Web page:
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The New Zealand Evangelist

The Moral Causes Of Earthquakes

The Moral Causes Of Earthquakes.

Whatever theory accounts best for the physical causes of earthquakes we wait not at present to enquire; the moral causes in which they originate, or page 104 the moral purposes to which they are rendered subservient are subjects of investigation more immediately within our province. In conducting this enquiry, we shall confine ourselves to the consideration of the facts recorded in the Bible respecting these phenomena, and shall endeavour to explain them by the light shed upon them by the inspired volume.

The elements of nature, like everything else, are placed under the mediatorial dominion of Christ. “All power is given unto him in heaven and in earth,” and he employs earthquakes as well as every other agency in advancing the great work of man's salvation. We live under a dispensation of mercy, and terrible as earthquakes are, they are nevertheless subservient to God's designs of mercy. They are terrible and destructive; but their destructive effects must be traced to sin,—to the curse laid on the earth for man's sake, otherwise their effects might have been harmless as the rising and falling of the tide, and their operations pleasing and profitable contemplations as the heaving and dashing of the ocean to one standing safely on the shore. Sin is the cause of suffering, and holiness invariably secures happiness. Earthquakes, according to scripture, are employed as means to prevent sin, and to promote holiness; and hence, however awful and destructive they appear, yet regulated by God in accordance with this design, in every case mercy and not judgment must be the ruling principle in these visitations. When Sodom and Gomorrah were engulphed in what is now the Dead Sea, Gen. 19, the judgment though just was terrific; but sinners without number have been awed, warned, deterred from going to such lengths in sin, and possibly brought to seek and obtain salvation by this terrible example. Similar effects were produced by the earthquake that swallowed up Korah, Dathan, and Abiram, Num. 16, and by the earthquake that happened in the days of Uzziah, which so terribly alarmed the sinners in Zion, that nearly 300 years after Zechariah refers to it as still vividly remembered, Amos 1.1., Zech. 14.5. page 105 In all these cases the suffering endured was simply just, and was incomparably less than what was prevented. When Elijah, after witnessing such an astonishing display of divine power on Mount Carmel,—after being so owned and honoured of God before all Israel, fled timidly for his life at the threat of Jezebel, and left the reformation unfinished that was so auspiciously begun; at Horeb, he was startled in his cave, and caused to look upon the whirlwind rending the mountains, and breaking in pieces the rocks, upon the earthquake producing more tremendous effects, and upon the fire burning up everything combustible, and blazing as of old on the top of Sinai, and was then questioned by a still small voice from Jehovah, “What doest thou here, Elijah?” He was thus rebuked, humbled, instructed, and with other views and feelings sent back to his duty.—1 Kings, 19. The Centurion and his company, that watched and witnessed all the moving and instructive seenes of the crucifixion, would have remained unaffected but for the earthquake. This impressed their minds, and led to their professed belief in Christ. Matt. 27. By the earthquake at the resurrection the truth of that event was confirmed; those incorrigible infidels, the priests and rulers, and the covetous hearted soldiers, who took the money and told the lies, were left without excuse for their sins; and a warning beacon was thus raised for such classes in all time to come. Matt. 28.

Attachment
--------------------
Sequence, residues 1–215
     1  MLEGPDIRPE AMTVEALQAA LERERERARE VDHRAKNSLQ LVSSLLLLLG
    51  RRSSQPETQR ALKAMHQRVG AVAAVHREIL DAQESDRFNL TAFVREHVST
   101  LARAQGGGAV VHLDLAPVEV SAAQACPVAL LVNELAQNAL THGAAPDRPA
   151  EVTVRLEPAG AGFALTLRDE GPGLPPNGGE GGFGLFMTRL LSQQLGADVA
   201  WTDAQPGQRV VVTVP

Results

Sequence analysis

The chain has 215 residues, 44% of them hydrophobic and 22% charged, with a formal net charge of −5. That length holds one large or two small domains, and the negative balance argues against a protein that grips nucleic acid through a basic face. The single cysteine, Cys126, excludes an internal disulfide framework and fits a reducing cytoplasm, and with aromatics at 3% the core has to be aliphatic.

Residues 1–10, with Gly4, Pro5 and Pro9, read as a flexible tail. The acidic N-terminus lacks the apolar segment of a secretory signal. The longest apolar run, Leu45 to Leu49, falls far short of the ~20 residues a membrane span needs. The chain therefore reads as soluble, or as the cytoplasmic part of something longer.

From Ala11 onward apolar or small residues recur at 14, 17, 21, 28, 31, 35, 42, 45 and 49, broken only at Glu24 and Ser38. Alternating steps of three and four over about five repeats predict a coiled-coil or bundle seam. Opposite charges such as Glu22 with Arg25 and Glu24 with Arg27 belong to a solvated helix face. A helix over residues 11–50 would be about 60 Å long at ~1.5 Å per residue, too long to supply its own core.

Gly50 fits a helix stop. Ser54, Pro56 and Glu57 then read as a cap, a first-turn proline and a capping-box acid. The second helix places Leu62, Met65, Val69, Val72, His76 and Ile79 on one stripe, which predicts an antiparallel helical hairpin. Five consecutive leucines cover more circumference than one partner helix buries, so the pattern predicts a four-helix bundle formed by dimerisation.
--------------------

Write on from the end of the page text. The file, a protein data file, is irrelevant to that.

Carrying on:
But the most striking example of the merciful design of these phenomena is in the case of the earthquake at Philippi. Acts 16. Paul and his companions had prosecuted their missionary tour to the western shore of Asia; they had reached Troas, near the ruins of ancient Troy. They cast a wistful look over the ægean sea, to the coast of pagan Europe; but they hesitated to embark in such an arduous undertaking. Paul's vision, however, of the man of Macedonia beckoning him to come over and help them, removed all doubts from their minds. They lingered not an hour to examine the course of the Scamander, the tomb page 106 of Hector, or any of the spots immortalized by the muse of Homer; without delay they crossed the sea and came to Philippi, “the chief city of that part of Macedonia and a colony.” No doubt, after such a distinct intimation of the will of God, they would arrive with high hopes and bright anticipations; they would expect an open door, and that the Philippians with one accord would embrace the gospel. But no! their faith and patience were to be tried; from small beginnings and often by a slow process does God accomplish his greatest works; these European colonists had other objects to engross their thoughts; one was too busy with his farm, and another with his merchandize to attend to the preaching of these obscure, mean looking strangers. When Sabbath came, instead of a crowded audience, to listen to the words of eternal life, Paul, Silas, Luke, and Timothy could collect only a few women, mostly Jews, at an oratory, or praying place by a river side. The conversion of Lydia, a seller of purple, from Thyatira, a city of Asia Minor, encouraged them in their labours and procured for them more hospitable entertainment than they hitherto enjoyed. Still the Europeans seemed gospel-proof. The miracle by which the Pythoness was dispossessed instead of producing conviction, only roused opposition; her Mammon-loving masters stirred up the mob; these drew Paul and Silas before the equally unprincipled magistrates, who regardless of the first principles of Roman law, without examination or proof of guilt, tore the clothes from the backs of Roman citizens and caused them to be scourged, and then delivered them, with a special charge, to the custody of a rude, ruffian jailor. He, not content with subjecting them to ordinary confinement, “thrust them into the inner prison and made their feet fast in the stocks.” It would be a strange night in Philippi; the masters of the damsel would be chuckling over their achievement, and soothing the bitterness of their loss by the sweetness of their revenge; the magistrates would be taking credit to themselves for the firmness of their measures in suppressing a dangerous page 107 innovation; in workshop, store, and tavern, the events of the day would be topics of lively diseussion; Satan and his legions would look with malignant pleasure on the result, as a master-stroke of policy, that secured their continued power over Europe. But He that sitteth in the heavens laughed, the Lord held them in derision. He had thoughts of mercy towards Europe, and if ordinary means fail, he can employ special:—if men oppose, the earth herself will help the church. Sleep and silence began to reign in Philippi; all seemed to be over; but there were two houses in which there were sleepless eyes; in Lydia's upper room Luke, Timothy, and the praying women wrestled with the angel of the Covenant in behalf of Paul and Silas, and for the conversion of the Philippians; in the prison, Paul and Silas, though lying on the damp ground, bound fast in the stocks, surrounded by the dark dingy walls of the dungeon, yet undismayed by the frowning providence, held fast by the faithful promise, and poured out their soul to God in prayer, till their faith waxed so strong, that forgetting the excrueiating pain of their lacerated backs they gave expression to their feelings in songs of praise. The prisoners—run-away-convicts, mutinous soldlers, and the scum and refuse of the colony—struck with the unwonted sounds listened with a mixture of awe and wonder. The jailor alone, satisfied that his charge was safe, had sunk into a deep sleep. But while these prayers and praises were ascending, God heard and answered them in a way that the apostles never once thought of; for “suddenly there was a great earthquake;” the massy foundations of the old prison were shaken, the strong rusty bolts were broken, and the heavy doors flew open; the stocks were loosed, and the chains that held the prisoners lost their hold of the wall. The historian confining his narration to the prison and its inmates, does not inform us how many temples were overthrown, how many warehouses fell, how many dwellings were shattered, how much property was destroyed, or how many lives were lost; but if the page 108 citizens fared no worse than the prisoners, as we have no ground to think they did, there was more alarm than suffering, more destruction of property than loss of life, and more mercy than judgment in the visitation. It was in answer to prayer, a visitation, terrible to flesh and blood, but pregnant with blessings to Philippi and to Europe. The most unlikely man in the colony—one of the most hardened sinners possibly in Europe—one who would never have sought the Gospel, who would listen neither to prayer nor praise when offered up within his hearing, whom no ordinary means could ever have reached—is so alarmed by the earthquake—is so terrified by the mighty power of God—is brought under such strong convictions, that all preparatory work is superseded— he is prepared by God himself for the Gospel. He is not converted; this cannot be done without the Gospel; but the instant the simple Gospel is set before him—the instant that salvation through Christ is offered to him, he receives the Saviour and rests upon him alone for salvation,—he believes with the heart, confesses with the mouth, and with his household rejoices in the hope of the glory of God. He becomes a pillar in a church, the first organized by the Apostle in Europe, and long after famous for faith and holiness. Would that this earthquake may be productive of many similar, blessed effects among the European colonists of this settlement! We trust that to some extent this will be the case. If so, our loss, great as it is, will be unspeakable gain. If by this visitation, true christians are stirred up to greater activity in seeking their own spiritual improvement, and in promoting the spiritual interests of others—if sinners are awakened from the fatal lethargy of sin, and brought to the Saviour—if only one soul is brought to Christ and made a partaker of heavenly Glory, who can estimate the advantage?—If sin is only checked, and a higher tone of morality is produced to any extent in the settlement, the gain to the community, by the increased developement and prolonged duration of health, intelligence, industry, page 109 sobriety, and all those physical, mental and moral powers that constitute the life and strength of society; the gain would in a few years counter-balance the loss of property twenty times over. These are the seeds of wealth, qualities that rate high; money cannot purchase them. Give us a population largely imbued with the spirit of the Bible, and we shall soon conquer every physical evil. Give us spiritual life and high moral principle in an eminent degree, and the settlement will rise from its ruins upon a base that no earthquake will shake. To some extent, unless the effects prove transient beyond all precedent, these results will be effected, in consequence of the deep impressions produced by this visitation. Amen. So be it. Let the blessing be to us and the glory be to God!